Lagging behind ODF, OOXML begs for love
Departments which rely on the assumption that OOXML will meet their standard requirements should no longer hold their breath. Judging by the way things are handled in the ISO — no matter how futile its role has become — things could carry on for quote some time.
The final fate of OOXML will not be decided at the  meeting, just the production of a disposition of comments report. After that, and this is where it gets funky, the original voting countries will have 30 days to decide if they want to change their votes from what they cast this last summer. So expect the supporter(s) of OOXML to go all out in March to try to get the many NO votes to become ABSTAINs or YESes.
That said, I really expect this thing to drag out for a long, long time through 2008.
With countries like Malaysia, Japan, South Africa, and the Netherlands choosing ODF, time may be running out for OOXML to snatch a chair. Even Germany is leaning towards ODF, as we pointed out yesterday. Let’s not forget Russia. Wikipedia should have a fairly up-to-date list.
You may still be able to recall the mess that was observed back in September. People were bribed by Microsoft, people were lied to by Microsoft, and Microsoft was swinging votes by phoning top-tier diplomats. At the end, upon a miserable defeat, Microsoft unleashed a very dishonest press release in order to confuse everyone. This wasn’t the first time, either. Mary Jo Foley, a long-time Microsoft watcher, said that Microsoft deserved this defeat.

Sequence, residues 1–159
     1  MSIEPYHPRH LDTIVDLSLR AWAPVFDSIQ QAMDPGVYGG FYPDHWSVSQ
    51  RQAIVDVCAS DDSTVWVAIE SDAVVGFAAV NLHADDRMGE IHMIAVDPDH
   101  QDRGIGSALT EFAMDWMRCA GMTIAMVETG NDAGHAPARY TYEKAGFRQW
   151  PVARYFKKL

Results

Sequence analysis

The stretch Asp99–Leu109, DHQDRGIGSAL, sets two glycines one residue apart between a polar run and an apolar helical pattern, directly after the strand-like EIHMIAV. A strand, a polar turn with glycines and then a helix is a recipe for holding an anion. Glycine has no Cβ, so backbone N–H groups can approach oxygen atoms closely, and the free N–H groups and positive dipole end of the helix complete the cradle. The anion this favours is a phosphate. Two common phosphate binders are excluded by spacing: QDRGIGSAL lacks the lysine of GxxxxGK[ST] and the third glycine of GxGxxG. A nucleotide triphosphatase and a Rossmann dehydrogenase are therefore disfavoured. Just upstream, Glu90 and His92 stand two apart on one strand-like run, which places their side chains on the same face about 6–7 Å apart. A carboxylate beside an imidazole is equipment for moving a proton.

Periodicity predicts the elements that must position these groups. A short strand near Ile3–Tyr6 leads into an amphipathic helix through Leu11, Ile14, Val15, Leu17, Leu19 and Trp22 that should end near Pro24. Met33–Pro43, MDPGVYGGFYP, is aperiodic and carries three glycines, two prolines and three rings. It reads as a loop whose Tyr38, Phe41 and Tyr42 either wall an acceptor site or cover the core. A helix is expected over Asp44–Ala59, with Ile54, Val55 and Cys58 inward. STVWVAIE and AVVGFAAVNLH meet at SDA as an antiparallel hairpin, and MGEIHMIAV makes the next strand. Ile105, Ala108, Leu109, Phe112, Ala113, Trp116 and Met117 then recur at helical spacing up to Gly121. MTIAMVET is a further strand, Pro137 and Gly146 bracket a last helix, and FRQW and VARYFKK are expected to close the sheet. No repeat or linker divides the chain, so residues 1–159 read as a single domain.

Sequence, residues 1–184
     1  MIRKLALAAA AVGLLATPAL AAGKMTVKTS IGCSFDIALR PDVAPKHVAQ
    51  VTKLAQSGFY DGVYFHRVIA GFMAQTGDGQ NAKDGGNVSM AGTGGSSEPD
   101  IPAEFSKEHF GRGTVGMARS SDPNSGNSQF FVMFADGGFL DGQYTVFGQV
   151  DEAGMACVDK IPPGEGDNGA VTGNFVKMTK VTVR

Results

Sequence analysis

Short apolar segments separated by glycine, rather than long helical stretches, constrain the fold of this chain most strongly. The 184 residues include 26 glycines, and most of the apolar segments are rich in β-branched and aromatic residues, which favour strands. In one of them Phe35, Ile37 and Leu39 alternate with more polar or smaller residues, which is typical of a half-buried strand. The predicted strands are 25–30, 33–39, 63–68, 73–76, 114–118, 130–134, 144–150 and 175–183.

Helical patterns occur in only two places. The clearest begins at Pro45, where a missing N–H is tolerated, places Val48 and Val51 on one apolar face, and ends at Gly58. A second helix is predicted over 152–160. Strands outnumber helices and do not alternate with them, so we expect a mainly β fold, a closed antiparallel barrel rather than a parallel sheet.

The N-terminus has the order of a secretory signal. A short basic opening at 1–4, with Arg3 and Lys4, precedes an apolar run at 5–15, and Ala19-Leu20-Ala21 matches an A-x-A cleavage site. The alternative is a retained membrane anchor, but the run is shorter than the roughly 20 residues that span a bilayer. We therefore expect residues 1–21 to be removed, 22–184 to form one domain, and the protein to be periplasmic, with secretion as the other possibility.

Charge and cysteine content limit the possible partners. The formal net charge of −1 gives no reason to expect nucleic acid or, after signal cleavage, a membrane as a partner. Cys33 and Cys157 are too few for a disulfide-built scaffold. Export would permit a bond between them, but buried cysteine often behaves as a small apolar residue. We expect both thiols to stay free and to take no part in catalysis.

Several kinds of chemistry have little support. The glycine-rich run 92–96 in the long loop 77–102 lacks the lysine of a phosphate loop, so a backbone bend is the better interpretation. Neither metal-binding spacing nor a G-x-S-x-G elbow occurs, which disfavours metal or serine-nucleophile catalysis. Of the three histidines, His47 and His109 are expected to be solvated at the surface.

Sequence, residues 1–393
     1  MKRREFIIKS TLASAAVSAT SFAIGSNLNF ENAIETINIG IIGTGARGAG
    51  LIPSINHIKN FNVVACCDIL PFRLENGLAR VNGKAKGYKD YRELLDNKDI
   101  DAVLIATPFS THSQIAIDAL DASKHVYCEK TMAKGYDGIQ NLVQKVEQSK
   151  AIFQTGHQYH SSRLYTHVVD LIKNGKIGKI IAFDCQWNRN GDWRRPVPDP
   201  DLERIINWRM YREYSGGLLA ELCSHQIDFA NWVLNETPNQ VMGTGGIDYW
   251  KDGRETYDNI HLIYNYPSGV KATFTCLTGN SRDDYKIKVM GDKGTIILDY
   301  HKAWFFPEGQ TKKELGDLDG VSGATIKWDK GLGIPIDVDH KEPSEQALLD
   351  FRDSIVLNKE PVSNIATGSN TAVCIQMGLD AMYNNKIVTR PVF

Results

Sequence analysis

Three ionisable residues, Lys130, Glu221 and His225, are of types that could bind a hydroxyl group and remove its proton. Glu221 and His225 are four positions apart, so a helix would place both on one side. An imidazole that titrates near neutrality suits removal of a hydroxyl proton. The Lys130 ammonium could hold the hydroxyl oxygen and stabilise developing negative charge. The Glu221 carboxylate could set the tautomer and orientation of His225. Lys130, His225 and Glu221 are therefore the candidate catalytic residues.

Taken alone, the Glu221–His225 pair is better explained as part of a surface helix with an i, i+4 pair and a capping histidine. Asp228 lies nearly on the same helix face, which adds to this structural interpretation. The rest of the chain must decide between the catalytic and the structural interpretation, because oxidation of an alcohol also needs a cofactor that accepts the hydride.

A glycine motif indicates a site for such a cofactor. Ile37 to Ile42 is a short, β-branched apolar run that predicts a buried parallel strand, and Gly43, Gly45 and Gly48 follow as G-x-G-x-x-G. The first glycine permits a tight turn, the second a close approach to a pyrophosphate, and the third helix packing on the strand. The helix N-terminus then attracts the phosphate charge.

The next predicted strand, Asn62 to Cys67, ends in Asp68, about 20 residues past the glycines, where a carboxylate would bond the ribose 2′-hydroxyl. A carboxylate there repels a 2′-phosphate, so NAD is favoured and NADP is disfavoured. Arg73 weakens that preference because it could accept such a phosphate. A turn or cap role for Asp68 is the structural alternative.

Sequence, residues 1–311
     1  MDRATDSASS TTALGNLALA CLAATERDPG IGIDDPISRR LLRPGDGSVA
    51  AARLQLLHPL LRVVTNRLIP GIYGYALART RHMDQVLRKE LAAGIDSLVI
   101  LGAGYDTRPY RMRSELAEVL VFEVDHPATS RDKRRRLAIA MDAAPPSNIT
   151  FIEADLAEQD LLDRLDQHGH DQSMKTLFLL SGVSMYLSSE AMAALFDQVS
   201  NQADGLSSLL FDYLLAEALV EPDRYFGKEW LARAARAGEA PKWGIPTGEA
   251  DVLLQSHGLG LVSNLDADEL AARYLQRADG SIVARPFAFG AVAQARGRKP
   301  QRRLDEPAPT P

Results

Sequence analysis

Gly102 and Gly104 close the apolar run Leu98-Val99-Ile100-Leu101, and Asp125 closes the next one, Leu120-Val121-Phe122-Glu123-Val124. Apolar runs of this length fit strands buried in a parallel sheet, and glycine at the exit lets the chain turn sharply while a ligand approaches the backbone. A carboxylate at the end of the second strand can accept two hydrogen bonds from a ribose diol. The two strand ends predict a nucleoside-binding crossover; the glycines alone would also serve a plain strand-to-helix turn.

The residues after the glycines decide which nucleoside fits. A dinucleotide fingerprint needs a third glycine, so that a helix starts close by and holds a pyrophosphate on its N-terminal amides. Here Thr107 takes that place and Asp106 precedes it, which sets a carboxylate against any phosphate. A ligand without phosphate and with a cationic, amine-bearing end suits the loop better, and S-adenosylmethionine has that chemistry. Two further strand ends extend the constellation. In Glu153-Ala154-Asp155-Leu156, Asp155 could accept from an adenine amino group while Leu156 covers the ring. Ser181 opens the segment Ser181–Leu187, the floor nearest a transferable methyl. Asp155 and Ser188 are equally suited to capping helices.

InformationWeek, whose gross bias we pointed out before, has an article about less-known products that challenge Microsoft Office, along with OOXML [via Bob Sutor].
When Microsoft completely redesigned Office 2007, rendering it completely unfamiliar to even the most experienced users, it opened a door for a number of alternatives — some of them online. And while Google and Zoho are the names that most people are familiar with when it comes to online office applications (check out our review Google Vs. Zoho: Can Either Replace Microsoft Office?), there are other — perhaps better — services out there.
As a side note, never forget why Novell actually implements OOXML translators, which are a form of OOXML endorsement that will never bear fruit for Novell. Novell was paid by Microsoft (very handsomely in fact) to serve Microsoft’s agenda in this fashion.